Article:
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Where musicians run the show

by Jordan Green

VENTING

The Soundvent in Thomasville is rocking at full capacity on a recent Friday night, which means 99 people since the fire marshal placed the cap last year because the venue lacks a sprinkler system. As a result the music hall can no longer accommodate national touring acts. All the bands tonight hail from parts of North Carolina, and a spirit of comity prevails between them. Chris Southern, a stocky man with shorn hair and glasses, spots a music journalist in the alcove and immediately spreads the word among the bands. As the road manager for his son’s band, he helped bring opener Sound Syndrum onto the bill. A man who rarely misses the opportunity to seize the bull by the horns, he naturally shepherds his “boys” over to a couple tables for the first interview. The gathering includes bass player Michael Southern and guitarist Corey Oshin. They’re the only band on the bill that is actually from Thomasville tonight, which isn’t all that surprising considering that the Soundvent serves a regional base of bands and fans. They’re giddy as heck, and only a little put out by the minor setback of receiving a ceaseand-desist letter from another band called the Travisty, which forced them to change their name to Across My Eyes two days previously. “They did it as nicely as possible, but they were pretty douche-y,” Michael Southern says. Singer Jesse Hill appears and Chris Southern places his arm around the boy, and counsels, “Remember: Don’t say, ‘The Travisty.’ It’s ‘Across My Eyes.’” Chris Southern was responsible to recruiting Hill to the band. “Jesse was just walking through my backyard,” Chris Southern says, “and I said, ‘What the fuck are you doing?’ Picking on him. I said, ‘Do you sing?’ That’s how we found him.” Chris Southern took over as road manager in the early part of 2007, after he says his son’s former manager embezzled $800 the act had saved up, possibly to feed a cocaine habit, and broke up the band. Black 29 from Wilmington is onstage now, bedazzling hood-rats, clean-cut kids wearing Metallica shirts and young longhairs with punk-rock crunch, Iron Maiden-Judas Priest-nexus guitar pyrotechnics and Green Day-crossed-with-Sepultura vocals. Stalking the stage, they appear ready for world domination. “We’re going to hit it hard,” guitarist Derek Schmidt has said of the band’s touring plans. “It’s everybody’s dream to make it big, and the way to do it is to hit the road, eat ramen and McDonald’s.” During Black 29’s set, Across My Eyes’ Oshin is leaping against the bar in anticipation. “I’ve been waiting to play since seven o’clock,” he says. Jeannie Southern watches him with an expression that is a mixture of amusement and admiration.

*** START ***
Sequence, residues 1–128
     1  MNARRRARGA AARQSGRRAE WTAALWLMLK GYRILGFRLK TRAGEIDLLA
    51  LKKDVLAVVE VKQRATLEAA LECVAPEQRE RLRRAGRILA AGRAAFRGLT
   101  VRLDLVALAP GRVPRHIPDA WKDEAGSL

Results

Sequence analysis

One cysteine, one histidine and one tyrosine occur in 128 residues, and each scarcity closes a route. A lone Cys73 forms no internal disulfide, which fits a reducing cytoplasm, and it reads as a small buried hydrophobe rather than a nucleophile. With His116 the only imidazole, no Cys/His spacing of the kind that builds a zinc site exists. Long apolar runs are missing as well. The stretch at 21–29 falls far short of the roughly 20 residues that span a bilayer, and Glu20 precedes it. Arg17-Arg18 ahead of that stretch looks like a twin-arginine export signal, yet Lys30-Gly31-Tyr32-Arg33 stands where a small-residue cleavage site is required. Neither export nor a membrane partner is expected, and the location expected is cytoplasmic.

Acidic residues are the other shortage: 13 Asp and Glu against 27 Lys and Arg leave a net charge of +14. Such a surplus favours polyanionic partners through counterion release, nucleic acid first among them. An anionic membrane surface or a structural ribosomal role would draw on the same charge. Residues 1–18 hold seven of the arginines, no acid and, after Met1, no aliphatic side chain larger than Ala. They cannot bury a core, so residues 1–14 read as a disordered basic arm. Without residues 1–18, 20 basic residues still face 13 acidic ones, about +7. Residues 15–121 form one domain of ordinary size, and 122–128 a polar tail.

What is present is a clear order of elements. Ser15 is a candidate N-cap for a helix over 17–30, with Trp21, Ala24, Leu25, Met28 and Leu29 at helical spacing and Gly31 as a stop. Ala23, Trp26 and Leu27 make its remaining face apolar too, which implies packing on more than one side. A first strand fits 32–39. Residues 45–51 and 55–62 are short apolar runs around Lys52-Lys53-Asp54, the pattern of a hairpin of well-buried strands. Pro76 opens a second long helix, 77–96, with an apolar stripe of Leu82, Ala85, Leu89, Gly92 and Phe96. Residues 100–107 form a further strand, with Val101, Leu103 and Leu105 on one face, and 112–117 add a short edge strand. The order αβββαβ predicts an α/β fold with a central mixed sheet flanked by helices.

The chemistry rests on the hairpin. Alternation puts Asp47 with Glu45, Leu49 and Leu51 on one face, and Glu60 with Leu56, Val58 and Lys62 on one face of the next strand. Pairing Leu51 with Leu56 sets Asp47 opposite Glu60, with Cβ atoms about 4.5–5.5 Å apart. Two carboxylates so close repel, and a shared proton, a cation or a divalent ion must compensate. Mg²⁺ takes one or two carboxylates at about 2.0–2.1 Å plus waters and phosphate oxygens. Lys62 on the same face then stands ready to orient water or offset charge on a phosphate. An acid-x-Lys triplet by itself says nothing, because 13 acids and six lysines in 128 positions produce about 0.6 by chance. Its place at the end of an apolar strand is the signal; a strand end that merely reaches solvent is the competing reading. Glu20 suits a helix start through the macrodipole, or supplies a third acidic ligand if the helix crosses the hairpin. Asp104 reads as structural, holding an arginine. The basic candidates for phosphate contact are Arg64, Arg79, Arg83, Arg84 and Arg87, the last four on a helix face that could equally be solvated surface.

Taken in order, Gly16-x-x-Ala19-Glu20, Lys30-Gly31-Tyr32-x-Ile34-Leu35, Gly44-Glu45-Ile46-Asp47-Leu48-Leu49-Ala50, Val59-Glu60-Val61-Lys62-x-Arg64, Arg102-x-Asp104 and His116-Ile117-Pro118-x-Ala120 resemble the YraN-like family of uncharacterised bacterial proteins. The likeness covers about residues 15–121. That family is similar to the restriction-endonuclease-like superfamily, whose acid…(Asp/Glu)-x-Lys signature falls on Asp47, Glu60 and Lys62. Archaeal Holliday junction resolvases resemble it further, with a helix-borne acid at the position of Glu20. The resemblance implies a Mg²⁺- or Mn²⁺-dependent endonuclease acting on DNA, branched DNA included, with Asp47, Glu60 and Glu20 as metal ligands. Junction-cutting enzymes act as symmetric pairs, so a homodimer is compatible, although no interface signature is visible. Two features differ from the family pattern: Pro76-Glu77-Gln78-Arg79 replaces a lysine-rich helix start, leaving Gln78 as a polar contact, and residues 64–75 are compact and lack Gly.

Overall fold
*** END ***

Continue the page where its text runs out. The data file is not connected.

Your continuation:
“I’m like the band mom,” she says. “I’ve had ’em all stay over at my house, and I’ve fed ’em. They’re not really younguns, but they’re sort of younguns.” The parents of a Light Divided drummer Adam Smith are also present, keeping quiet counsel around the corner of the bar. It’s Smith who was responsible for booking the show, and he acknowledges that in a market where cover acts and karaoke drive higher alcohol sales than bands that write their own material, it’s something of a privilege for venues to entrust musicians with so much creative control. A Light Divided is a different animal from Across My Eyes in that it’s an amalgam of previous bands that shook out less committed members and merged into a more powerful and talented unit, something like a hard-rock guild. Smith, ironically enough, played in a band called Travesty, while singer Jaycee Clark and guitarist James Lewis come fromGraveyard Heart, and guitarist Eric Humiston and bassist Mike Underwoodmatriculated from Porno Red. A Light Divided might also be the mostcommitted to the do-it-yourself ethos of all the bands on the bill. Bythe time he was 13 Smith was loading equipment for a band called Mimic,whose members mentored him in the ethics of equitably compensatingeveryone for their labors, supporting other bands by sticking aroundfor their sets and generally putting common interests before individualattainment. “Venues like this are where you can go straightfrom the garage to the stage with your songs,” Smith says. “We neverwant to forget our roots. “We’re do it yourself to the core,”he later adds. “We do our own artwork, most of our own recording. We doour own promotion. That’s the only way to go, because this shit don’tpay.” Like Somewhere Else Tavern, its sister venue in Greensboro, theSoundvent boasts something a lot of Triad venues lack — a tangiblecommunity formed from the relationships forged between bands andaudience and a sense that anyone with enough passion can get onstageand rock. It’s Sound Syndrum’s first gig, and the audience is engaged,cheering wildly and clapping at the end of each song. Though lackingpolish, all the essentials are there: a crushing heavy metal rock androll sound, fronted by growled lyrics from singer Amanda Rhodes thatbelie her cheerful banter between songs. One of their fans,Mike Sledge, exhorts other members of the audience to dance, with mixedresults. “You guys got no heart,” he bellows. “You know I’m fromJersey. You guys are too scared to come up here. You ain’t got noheart.” The members of a Light Divided appear to be both moreseasoned and also more worldweary when they take the stage. Smithballasts the group with a steady thwack that anchors a grinding,madhouse groove. With Jaycee’s Clark’s bratty vocalizing at theforefront, the effect is proto-punk grafted onto metal. The musiccourses from the speakers with both seismic crunch and delicate melody.It’s heavy metal, but played in a spirit of sarcastic camaraderieinstead of cocky gamesmanship. Across My Eyes plays before aLight Divided, but its set marks the energetic peak of the evening.“You’re about to rock the fuck out,” Chris Southern promises. “I lovethese boys, man.” Michael Southern is quickly shirtless and stalkingthe stage with his cordless bass. From time to time he unexpectedlypops up behind a bank of amplifiers or some other remote outpost likethe character in Where’s Waldo. Plucking out monsterbass runs, he wears an expression that suggests he’s perpetually inmid-orgasm. Hill’s vocals ring with urgency, and two guitars and basscreate a tidal surge of riffage. The overall effect is heavyand ecstatic, as if Little Richard’s pulsating sexuality were marriedto Metallica’s brutal presicion.